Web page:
A former Italian scientist has gone on trial in Sweden accused of assaulting patients by carrying out windpipe transplants.
Paolo Macchiarini is alleged to have caused the deaths of three people on whom he operated between 2011 and 2014. He has denied any criminal wrongdoing.
The stem-cell surgeon was once considered a leading figure in regenerative medicine and made headlines for carrying out the world’s first stem-cell windpipe transplants.
In 2011, Macchiarini was credited as a pioneer by creating the world’s first trachea -- partially made from a patient’s own stem cells -- in an apparent breakthrough in regenerative medicine.
But seven of the eight patients that he treated in Sweden and Russia have since died.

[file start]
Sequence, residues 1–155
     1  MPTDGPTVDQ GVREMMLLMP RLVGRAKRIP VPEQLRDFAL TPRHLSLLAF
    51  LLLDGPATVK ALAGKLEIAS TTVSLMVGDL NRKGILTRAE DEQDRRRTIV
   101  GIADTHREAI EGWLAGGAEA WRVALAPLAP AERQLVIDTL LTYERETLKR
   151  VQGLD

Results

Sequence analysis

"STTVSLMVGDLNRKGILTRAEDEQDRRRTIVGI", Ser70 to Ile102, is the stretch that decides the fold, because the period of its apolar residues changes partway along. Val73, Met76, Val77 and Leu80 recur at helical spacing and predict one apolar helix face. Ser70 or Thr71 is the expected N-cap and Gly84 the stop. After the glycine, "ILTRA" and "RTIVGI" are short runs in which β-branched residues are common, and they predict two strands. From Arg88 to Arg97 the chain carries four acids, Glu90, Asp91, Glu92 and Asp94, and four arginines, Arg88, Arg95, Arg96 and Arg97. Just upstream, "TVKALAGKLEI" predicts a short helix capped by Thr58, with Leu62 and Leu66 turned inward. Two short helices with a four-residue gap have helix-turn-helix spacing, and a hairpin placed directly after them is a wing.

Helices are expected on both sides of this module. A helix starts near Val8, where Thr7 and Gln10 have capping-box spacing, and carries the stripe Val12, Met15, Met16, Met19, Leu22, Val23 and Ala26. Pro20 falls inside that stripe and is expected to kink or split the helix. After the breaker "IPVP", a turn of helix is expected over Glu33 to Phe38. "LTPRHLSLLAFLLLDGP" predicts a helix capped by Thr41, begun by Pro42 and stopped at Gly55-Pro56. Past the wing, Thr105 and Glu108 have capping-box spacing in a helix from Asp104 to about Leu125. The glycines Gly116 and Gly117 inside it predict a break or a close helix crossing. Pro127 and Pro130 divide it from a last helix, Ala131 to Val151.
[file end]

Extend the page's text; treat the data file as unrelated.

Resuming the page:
In December 2018, Sweden decided to reopen an investigation into three operations he carried out as a visiting researcher at the prestigious Karolinska Institute in Stockholm.
Macchiarini was fired from the hospital in March 2016 for breaching medical ethics after being accused of falsifying his resume and misrepresenting his work.
Critics say the surgeon skirted medical ethics to carry out dangerous procedures with no proven benefit and that he fabricated descriptions of his patients’ conditions.
He appeared at the Solna District Court on Wednesday to hear the charges of "aggravated maltreatment" against three victims from Iceland, Turkey, and the United States.
"Paolo Macchiarini performed the operation with total disregard for science and experience," prosecutor Karin Lundström-Kron told the court, arguing that the transplants had caused the three patients severe physical injuries and suffering.
The surgeon's defence lawyer Björn Hurtig believes Macchiarini’s former employer, Sweden’s prestigious Karolinska Institute, should be held responsible.
In 2019, an Italian court sentenced Macchiarini to 16 months in prison for forging documents and abuse of office.